She sits curled up in the doorway her bare feet caked with dirt. A long stick rests beside her. As we kneel in the dirt and offer our morning greetings, her wrinkled hands grasp ours tightly. We have arrived at Jajja's home to continue building her latrine.
She laughs at our attempts to speak Luganda and then with surprising agility grasps her stick and pulls herself to an upright position. I scurry to follow her as she moves off behind the house. Her back is bent and she walks on the toes of one foot her leg twisted inward.
A young boy following her, motions for Margaret (a girl from David family) and I to come. "We're getting fire wood," Margaret explains. Sure enough within a few minutes I see the tiny figure of Jajja point to some fallen branches and see the young boy quickly gather up some sticks. Margaret and I follow suit picking up what we can. I glance around for Jajja but she's gone. After taking our load up to the house we walk back in the same direction and then I spot her. A tiny figure, walking stick in one hand and a massive tree branch in the other. She calls out for the young boy and he rushes to take the branches from her.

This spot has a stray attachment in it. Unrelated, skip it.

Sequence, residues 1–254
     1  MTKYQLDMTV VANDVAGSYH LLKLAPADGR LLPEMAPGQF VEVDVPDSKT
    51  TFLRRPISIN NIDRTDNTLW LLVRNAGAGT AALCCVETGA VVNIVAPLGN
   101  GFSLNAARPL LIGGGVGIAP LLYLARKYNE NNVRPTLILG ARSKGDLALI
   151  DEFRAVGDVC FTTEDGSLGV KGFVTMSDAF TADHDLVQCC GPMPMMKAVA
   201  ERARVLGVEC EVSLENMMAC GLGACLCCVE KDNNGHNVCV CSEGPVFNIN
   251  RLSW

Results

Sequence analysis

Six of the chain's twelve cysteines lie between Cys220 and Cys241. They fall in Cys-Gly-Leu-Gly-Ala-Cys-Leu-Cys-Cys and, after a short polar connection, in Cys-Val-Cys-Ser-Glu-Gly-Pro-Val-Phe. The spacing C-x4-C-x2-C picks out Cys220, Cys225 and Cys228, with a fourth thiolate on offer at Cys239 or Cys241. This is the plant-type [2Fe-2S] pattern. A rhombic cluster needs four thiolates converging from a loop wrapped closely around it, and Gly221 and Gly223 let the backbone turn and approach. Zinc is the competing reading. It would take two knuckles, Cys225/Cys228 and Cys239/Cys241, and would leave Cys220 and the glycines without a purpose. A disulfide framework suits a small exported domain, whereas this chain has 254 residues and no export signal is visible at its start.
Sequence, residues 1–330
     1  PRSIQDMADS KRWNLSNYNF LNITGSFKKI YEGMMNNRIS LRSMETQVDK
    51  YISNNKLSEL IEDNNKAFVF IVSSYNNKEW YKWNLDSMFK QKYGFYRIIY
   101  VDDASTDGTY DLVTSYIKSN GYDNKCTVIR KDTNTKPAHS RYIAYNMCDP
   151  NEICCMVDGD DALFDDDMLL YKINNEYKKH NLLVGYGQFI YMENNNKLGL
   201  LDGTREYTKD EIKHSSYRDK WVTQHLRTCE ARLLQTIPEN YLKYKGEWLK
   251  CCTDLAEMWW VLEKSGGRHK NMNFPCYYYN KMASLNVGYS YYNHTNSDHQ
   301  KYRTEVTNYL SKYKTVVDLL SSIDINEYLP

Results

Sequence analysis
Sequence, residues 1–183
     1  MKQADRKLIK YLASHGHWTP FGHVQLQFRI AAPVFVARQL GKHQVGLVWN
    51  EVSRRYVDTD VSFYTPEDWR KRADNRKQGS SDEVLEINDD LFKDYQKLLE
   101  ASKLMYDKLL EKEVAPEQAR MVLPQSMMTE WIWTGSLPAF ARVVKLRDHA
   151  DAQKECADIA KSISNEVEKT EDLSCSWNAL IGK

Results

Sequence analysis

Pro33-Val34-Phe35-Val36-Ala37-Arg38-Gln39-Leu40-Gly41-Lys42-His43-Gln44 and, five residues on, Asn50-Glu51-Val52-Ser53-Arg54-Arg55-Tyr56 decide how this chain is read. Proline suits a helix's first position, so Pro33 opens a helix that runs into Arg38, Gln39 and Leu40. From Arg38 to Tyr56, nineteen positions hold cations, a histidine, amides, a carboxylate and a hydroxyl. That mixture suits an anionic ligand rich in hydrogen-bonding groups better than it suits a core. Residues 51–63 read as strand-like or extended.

Maize flour is added to the first pot for our porridge. Preparations done, jajja retires to a pile of stones to watch the progress on the latrine.
This old woman has cared for many children over the years and the young boy and an older teenage boy now share her home. These old women are often the only ones left to care for children in communities devastated by Aids.
Throughout the day I watch her tenaciously attack each household task, from washing her clothes, to binding up the wound on her leg. Exhausted by the late afternoon she falls asleep curled up on a mat on the cold floor of her house.
She is oblivious to the happy shouts of neighbouring children who play with our wheelbarrow.
Their faces full of curiousity this little group of children munch away on cassava roots and giggle hystarically when I show them their pictures.
Around 5:00 Jajja stirs. She pulls herself up and begins to peel cassava for the evening meal. The children gather around her anticipating some food. She pulls a crying toddler beside her and stirs the pot. As dusk falls and we gather up our tools she wearily lowers herself down on her mat to watch our departure. There's still work to be done on the latrine but it will have to wait for another day. Jajja settles down in the doorway again and I catch a glimpse of her as we drive away; head in hand, bare feet curled up underneath her. She has survived another day.